After the US presidential election results were announced, the Democrats were shocked by the Republicans' ability to mobilize votes. They also realized that what they were fighting was not just an election, but a "cultural war," which was changing society at a fundamental level.
The defeats of Democratic candidates in the last two presidential elections reveals that they are victims of this fundamental change in society. It was this wave of change that swept US President George W. Bush back into office.
That The New York Times ran a pro-Senator John Kerry editorial is no surprise, but when the Washington Post followed suit, some people detected a shift in the political environment. That Kerry outperformed Bush in the debates was predictable, but polls that put Kerry ahead just before the election seemed to indicate a shift in public opinion. The actual vote was another matter, and the accuracy of exit polls that predicted a Kerry victory were one of the first casualties of his defeat.
Some people have invoked the idea of populism to explain this change in the political environment. But it does not explain Kerry's naivety in ignoring the southern states in his bid to win the presidency.
The same can be said of Taiwan's last presidential election, in which the Chinese Nationalist Party (KMT) and People First Party were content to accept losses in the south, hoping to counter that loss with votes from the north. But why should they view the south as their Achilles' heel, unless they feel that southerners are a "nation of idiots"? It is probably simply that the divide between the elite and the grassroots is too wide.
To say that to win the election you must have the populist vote is an oversimplification. Politicians must connect with the people, not simply in terms of benefits, but also in terms of sentiment and ideas. Bush insisted on tax cuts that benefit the rich, even though most votes come from the middle and the lower classes; and it is the sons and daughters of these families who are now fighting in Iraq.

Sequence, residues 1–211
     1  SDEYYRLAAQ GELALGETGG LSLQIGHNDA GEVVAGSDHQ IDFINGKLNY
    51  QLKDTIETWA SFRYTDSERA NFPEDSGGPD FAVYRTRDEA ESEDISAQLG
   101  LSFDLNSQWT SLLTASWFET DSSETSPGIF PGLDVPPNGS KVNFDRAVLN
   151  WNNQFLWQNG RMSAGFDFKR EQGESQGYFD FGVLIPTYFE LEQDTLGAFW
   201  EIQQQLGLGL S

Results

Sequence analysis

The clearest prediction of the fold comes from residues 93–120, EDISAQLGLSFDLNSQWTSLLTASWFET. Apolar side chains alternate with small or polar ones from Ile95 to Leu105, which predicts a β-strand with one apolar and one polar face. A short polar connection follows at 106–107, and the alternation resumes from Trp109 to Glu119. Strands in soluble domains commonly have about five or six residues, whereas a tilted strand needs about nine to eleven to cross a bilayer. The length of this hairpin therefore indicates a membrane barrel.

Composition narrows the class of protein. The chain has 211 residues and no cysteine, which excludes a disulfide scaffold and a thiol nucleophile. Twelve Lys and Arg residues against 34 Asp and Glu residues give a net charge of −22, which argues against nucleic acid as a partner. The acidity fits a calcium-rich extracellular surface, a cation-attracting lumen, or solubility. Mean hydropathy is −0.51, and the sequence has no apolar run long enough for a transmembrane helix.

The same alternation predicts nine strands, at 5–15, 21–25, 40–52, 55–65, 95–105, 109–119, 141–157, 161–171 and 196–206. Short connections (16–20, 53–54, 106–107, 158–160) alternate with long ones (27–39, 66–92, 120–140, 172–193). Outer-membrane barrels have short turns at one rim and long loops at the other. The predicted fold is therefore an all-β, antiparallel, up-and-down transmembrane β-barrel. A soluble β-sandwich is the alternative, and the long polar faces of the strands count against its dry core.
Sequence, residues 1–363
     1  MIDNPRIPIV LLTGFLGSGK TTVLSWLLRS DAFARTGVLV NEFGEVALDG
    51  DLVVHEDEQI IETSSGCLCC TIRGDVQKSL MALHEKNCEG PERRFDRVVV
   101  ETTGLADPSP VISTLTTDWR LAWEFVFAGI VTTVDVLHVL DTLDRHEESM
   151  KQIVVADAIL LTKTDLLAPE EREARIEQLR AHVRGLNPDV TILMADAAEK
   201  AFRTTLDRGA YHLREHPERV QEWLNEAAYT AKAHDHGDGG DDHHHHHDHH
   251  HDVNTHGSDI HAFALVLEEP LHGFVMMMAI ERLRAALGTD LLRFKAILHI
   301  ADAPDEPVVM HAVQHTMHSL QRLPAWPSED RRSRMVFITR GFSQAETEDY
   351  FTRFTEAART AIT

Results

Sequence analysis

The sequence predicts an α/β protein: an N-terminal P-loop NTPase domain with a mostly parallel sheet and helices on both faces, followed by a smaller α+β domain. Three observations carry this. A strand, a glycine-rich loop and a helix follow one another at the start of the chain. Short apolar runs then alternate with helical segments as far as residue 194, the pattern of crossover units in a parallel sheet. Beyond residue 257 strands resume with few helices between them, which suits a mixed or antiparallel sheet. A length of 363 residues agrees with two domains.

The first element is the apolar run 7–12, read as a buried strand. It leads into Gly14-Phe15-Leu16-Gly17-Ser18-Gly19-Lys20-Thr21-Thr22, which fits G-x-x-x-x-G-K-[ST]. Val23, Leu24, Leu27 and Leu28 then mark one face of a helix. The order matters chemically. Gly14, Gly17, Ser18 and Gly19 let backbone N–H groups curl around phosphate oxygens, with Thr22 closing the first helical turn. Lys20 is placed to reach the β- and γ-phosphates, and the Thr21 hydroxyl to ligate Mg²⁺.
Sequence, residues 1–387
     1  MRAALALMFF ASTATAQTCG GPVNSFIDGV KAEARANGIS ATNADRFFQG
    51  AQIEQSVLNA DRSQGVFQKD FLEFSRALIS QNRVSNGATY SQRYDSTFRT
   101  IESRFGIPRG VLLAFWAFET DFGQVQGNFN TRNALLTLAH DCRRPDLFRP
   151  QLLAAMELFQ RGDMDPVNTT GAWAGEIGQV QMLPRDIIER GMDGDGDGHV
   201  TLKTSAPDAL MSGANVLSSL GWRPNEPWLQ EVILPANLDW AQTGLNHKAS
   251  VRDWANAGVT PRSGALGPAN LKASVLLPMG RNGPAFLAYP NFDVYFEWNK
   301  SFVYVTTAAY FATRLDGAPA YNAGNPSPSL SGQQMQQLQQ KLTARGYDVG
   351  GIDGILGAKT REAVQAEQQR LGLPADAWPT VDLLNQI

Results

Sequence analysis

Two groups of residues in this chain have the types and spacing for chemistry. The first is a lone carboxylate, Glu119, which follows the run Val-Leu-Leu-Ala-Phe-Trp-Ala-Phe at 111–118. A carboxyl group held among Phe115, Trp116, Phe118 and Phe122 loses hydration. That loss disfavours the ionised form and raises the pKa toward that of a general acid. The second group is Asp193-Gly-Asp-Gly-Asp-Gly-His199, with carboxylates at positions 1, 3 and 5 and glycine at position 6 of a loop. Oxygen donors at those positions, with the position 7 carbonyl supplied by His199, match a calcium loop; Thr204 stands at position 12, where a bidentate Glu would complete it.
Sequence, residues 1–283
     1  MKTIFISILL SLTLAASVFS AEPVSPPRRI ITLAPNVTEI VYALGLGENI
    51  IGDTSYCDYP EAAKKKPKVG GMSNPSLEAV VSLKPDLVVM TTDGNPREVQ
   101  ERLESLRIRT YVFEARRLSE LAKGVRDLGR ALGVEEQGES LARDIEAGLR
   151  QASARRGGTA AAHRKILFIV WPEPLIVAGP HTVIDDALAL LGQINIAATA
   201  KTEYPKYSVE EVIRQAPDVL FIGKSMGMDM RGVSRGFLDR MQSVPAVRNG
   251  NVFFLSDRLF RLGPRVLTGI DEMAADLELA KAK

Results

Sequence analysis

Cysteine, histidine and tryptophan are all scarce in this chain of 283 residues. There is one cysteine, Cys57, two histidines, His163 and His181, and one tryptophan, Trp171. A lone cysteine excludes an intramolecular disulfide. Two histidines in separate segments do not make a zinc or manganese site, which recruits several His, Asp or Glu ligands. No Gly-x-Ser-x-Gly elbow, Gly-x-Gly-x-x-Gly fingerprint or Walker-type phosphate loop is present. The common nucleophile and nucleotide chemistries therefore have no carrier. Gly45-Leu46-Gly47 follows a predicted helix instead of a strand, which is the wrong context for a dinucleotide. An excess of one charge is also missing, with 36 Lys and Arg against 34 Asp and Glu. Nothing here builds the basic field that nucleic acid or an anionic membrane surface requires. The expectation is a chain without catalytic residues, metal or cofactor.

But Bush, the scion of Connecticut aristocracy, was the candidate that many of these middle and lower class families looked up to. The fact that he is not very articulate, has many character faults, gets agitated during debates, and is unwavering in his determination to pursue war all became major campaign themes.
Naturally, some people will say this democracy is rational in spirit and should put aside passion and faith. This was the mindset of former vice president Al Gore and Kerry, who both performed well. But they both were unable to garner enough support from the people in the end.
Is it because the people are not rational enough, or is it that the elite are not clever enough to get to grips with public opinion? Or is it simply that there are two Americas: the sophisticated, urban America with an international perspective and the rural, God-fearing, patriotic America?
Perhaps it's the case that to be president of the US you can't use one of these Americas to defeat the other, but instead you must build dialogue between them. Bush, just like Gore and Kerry, comes from a blueblood background. But he is often perceived as a Texas cowboy, and is therefore seen as a leader of the other America. Former president Bill Clinton, the son of a single parent family, became the darling of the cultural elite on both coasts. He who can bridge the gulf between the two Americas has a better chance in presidential elections.